This is going to be a bit of a different article…
How? Well it’s based, however lightly, on my own life. But before we get into the thick of things I should probably introduce myself…
My name is Konrad and I am a seasoned Biokineticist (That’s an Athletic trainer if you’re from the USA) and a sports scientist. I have spent the better half of my adult life pursuing excellence in my specific field. Okay, that’s a bit dramatic but it comes down to this… I know what I’m talking about.
Okay now back to this cool article. Like I previously mentioned that it’s loosely based on my life. Well not my entire life but rather a specific set of events that pretty much pushed me into this career path.
Back in 2007 I was an up and coming track star. I specialised in middle distances namely the 400m and 800m events. So there I was, striding along the back straight, first race of the season. I am feeling good and confident… And then I feel a tug in the back of my thigh, a sharp pop and next thing I knew I was on the ground.
Yip you guessed it, I pulled my hamstring. Absolute disaster. Season over and to be honest I never really recovered from that injury. Why? Well that is what this article is about:
Hamstring Injuries and Running
What they are, how they work and why you need them for running.
Hamstring injuries are some of the most annoying injuries in the world. Yes, this is my opinion but if you ask anyone they will almost always agree with me. The reason I say this is because the hamstrings play such an important role in our ability to move. And that’s why when you injure your hamstrings in any way, you’re immediately limited in your mobility depending on how serious the injury is. This article will cover the:
Anatomy and Biomechanics
We’re going to try and keep this section as simple as possible. Honestly, I’m scared I bore you with the technicalities, however as you will come to understand in a moment, it’s actually quite important for you to have a general understanding regarding this topic.
In terms of the anatomy it’s actually pretty simple, the hamstrings muscle group is made up of 3 main global mover muscles: Biceps femoris, semitendinosus and semimembranosus.
Honourable mentions: Gluteus maximus, adductor magnus and the gracilis.
The hamstring muscle group originates at the hip or more specifically the ischial tuberosity of the pelvis.
Now in terms of the biomechanics of the hamstring muscle group it’s actually quite straightforward: Flex the knee and extend the hip. That means they play a primary movement role during walking, running and jumping.
As you can see, these muscles are actually quite important. And now that you know what they do, I’m sure you can agree that getting an injury here will be quite annoying.
For runners there are two main injury concerns:
- 1Hamstring Strains
- 2Hamstring Tendinopathies
1. Hamstring Strains
Hamstring strains are known by many different terms such as a muscle pull, partial or complete hamstring tear. This is essentially what happened with me. Hamstring strains are graded based on their severity:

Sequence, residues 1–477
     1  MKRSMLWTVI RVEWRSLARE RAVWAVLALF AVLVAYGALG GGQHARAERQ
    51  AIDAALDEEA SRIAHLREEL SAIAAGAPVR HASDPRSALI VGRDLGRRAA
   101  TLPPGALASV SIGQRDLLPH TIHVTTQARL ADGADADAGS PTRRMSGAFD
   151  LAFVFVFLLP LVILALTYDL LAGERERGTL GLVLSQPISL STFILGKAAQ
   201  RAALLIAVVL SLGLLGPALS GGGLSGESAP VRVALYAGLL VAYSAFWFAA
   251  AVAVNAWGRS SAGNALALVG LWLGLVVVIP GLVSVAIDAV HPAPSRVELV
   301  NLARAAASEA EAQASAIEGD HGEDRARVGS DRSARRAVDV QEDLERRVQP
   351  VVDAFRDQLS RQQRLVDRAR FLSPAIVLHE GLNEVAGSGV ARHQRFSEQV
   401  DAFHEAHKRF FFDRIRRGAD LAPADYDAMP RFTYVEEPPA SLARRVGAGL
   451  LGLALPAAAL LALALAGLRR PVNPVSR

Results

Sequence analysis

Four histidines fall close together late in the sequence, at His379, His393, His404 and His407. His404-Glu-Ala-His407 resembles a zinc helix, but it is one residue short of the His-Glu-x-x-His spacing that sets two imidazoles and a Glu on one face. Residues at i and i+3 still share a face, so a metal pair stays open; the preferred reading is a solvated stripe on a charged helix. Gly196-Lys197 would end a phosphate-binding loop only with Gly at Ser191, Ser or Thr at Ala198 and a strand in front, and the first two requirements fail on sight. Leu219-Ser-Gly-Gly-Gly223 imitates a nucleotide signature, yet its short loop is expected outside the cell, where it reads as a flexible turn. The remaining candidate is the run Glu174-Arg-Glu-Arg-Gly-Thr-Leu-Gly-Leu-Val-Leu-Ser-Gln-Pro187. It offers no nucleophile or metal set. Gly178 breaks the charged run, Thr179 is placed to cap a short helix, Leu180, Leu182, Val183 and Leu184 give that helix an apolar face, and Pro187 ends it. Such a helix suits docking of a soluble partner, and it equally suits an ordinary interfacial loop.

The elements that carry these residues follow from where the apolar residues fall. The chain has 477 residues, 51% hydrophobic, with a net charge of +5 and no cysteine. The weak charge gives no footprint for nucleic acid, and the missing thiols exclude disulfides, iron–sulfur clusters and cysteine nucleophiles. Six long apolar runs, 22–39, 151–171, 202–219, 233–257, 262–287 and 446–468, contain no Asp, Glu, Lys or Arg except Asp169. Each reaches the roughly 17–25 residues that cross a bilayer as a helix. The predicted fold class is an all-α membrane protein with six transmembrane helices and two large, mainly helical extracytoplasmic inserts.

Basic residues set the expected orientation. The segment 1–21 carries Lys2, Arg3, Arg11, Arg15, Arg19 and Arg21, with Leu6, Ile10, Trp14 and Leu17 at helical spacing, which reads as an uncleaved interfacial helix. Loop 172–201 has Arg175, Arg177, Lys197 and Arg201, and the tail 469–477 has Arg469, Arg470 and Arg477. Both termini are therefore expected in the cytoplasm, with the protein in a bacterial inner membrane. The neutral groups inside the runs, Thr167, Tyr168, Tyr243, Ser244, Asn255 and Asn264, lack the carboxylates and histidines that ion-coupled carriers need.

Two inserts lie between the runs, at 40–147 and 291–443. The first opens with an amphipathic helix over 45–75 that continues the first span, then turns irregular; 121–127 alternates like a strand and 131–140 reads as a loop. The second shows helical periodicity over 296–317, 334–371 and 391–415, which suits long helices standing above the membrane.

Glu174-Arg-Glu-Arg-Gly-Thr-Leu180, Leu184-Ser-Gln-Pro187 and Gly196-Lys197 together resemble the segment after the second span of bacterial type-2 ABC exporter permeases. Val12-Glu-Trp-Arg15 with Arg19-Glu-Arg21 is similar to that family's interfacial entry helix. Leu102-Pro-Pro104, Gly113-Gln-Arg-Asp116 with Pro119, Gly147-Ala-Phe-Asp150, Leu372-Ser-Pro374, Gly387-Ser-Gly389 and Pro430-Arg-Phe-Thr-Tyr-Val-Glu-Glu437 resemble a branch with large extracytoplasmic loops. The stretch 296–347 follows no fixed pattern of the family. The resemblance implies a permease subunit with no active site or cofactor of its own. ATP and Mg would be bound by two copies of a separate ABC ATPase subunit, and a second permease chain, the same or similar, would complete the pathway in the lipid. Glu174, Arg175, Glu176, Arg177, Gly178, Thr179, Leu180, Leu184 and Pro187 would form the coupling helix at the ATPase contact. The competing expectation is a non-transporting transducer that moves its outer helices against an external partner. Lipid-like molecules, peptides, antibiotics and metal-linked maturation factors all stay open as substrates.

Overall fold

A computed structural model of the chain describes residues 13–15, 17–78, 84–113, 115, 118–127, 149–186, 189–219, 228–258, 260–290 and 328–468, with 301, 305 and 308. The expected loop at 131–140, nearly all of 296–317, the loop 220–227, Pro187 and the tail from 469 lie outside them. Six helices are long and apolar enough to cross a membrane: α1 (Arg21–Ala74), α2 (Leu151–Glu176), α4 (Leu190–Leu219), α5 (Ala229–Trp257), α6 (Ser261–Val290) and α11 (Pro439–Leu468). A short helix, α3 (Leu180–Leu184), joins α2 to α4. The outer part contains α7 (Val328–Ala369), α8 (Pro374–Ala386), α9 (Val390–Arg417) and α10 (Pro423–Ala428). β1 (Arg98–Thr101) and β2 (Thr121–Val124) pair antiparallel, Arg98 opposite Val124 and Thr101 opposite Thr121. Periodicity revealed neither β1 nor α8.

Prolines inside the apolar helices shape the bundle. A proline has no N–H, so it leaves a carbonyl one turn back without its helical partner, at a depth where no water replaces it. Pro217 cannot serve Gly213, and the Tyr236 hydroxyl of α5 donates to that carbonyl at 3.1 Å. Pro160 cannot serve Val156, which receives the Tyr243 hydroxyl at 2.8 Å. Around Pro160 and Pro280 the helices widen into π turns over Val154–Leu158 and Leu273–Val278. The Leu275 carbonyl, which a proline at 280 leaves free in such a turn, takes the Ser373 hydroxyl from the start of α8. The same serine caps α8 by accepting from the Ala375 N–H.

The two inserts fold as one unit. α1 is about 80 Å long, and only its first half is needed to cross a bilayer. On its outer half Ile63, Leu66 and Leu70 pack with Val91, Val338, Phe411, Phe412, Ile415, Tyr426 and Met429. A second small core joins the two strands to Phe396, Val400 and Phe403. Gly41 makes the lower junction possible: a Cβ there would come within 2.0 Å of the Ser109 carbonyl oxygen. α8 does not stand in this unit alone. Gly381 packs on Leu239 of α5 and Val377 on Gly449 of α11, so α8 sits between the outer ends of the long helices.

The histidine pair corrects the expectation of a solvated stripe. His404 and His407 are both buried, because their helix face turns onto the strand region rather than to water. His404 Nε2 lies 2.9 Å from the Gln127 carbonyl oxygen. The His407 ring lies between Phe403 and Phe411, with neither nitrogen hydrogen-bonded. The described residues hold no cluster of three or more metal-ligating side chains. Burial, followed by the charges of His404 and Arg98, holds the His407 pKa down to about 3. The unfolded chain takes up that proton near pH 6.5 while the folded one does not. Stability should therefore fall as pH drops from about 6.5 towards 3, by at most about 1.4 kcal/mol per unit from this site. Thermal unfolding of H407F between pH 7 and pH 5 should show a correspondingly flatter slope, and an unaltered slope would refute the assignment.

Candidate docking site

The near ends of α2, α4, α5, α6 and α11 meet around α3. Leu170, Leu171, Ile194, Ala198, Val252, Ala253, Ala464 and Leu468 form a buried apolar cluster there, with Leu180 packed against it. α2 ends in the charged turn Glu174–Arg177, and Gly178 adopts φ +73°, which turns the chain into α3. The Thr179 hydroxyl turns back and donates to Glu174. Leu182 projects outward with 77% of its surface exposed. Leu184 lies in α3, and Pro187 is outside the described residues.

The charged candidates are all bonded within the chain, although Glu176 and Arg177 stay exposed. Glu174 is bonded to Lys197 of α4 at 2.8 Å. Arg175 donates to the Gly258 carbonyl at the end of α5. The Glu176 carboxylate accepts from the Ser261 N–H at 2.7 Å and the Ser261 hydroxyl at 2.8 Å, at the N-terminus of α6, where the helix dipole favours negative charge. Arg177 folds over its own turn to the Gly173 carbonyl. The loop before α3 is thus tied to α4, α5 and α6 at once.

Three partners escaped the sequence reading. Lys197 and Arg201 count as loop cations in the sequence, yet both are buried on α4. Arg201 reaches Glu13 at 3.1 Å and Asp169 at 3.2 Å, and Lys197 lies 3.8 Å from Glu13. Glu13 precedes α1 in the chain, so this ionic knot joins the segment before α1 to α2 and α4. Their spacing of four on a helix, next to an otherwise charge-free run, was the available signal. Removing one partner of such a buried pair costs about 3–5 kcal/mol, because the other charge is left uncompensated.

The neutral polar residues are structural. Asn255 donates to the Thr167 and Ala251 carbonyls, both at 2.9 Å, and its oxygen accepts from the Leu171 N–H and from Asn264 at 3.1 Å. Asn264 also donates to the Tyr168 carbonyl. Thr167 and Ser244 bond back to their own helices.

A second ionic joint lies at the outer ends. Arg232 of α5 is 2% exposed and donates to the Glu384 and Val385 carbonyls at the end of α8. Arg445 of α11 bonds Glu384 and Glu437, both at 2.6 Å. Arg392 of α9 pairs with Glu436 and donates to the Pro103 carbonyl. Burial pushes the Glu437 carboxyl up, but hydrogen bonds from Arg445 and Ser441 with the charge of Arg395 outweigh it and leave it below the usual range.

The grade of your specific hamstring strain will determine what your treatment and how long your rehabilitation will end up being.
Risk factors for hamstring strains include:
As you can see the equation is straightforward....
Overtraining? Hamstring strain.
Not training enough? Hamstring strain.
Not enough mobility or flexibility? Hamstring strain.
Not enough rest? Hamstring strain.
Alright that might be a tiny exaggeration, but the point remains, because this muscle group is so important you really need to make a conscious effort to address the above risk factors. Or risk ending up like poor old Konrad. Who knows, I could've been an Olympian by now…
Anyway, on to the next one:
2. Hamstring Tendinopathies
Proximal or high hamstring tendinopathies, as it’s more commonly known as, usually affects the upper section of the posterior thigh. It is an overuse injury frequently experienced by long distance runners.
So, this condition does not technically affect the hamstring muscles per se, but rather the tendon that attaches the hamstring muscle belly onto the pelvic bone. It presents as a deep burning and or aching pain around the buttock area. With pain radiating down the thigh at times.
The pain is usually caused by a sudden increase in training intensity or an excessive training load overtime. The tendon becomes irritated, thickens over time and eventually progresses from a standard tendinitis to a chronic degenerative tendinopathy.
Once this condition progresses it may take several months to a full year to fully repair.
Risk factors for hamstring tendinopathies include:
Both these injuries can affect a runner at any given time. Hence why it’s so important to be clued up on the different risk factors as any single factor or combination of factors can result in an injury.
I know it seems like a lot to process but knowing all of this can really save you years of injuries and frustrations. And to be honest, it was my own lack of knowledge regarding hamstring injuries that resulted in my own personal setbacks.
But luckily for you, in the second edition of this article we’ll be discussing the path to recovery through rehabilitation. As well as preventative rehabilitation to help ensure you don’t get injured in the first place.
And take it from someone who has had 4 separate hamstring injuries in 7 years, you’ll want to hear what we have to say. So sit tight and let my own battles with the dreaded hamstring muscle group save you from months of pain and suffering by keeping or getting you injury free.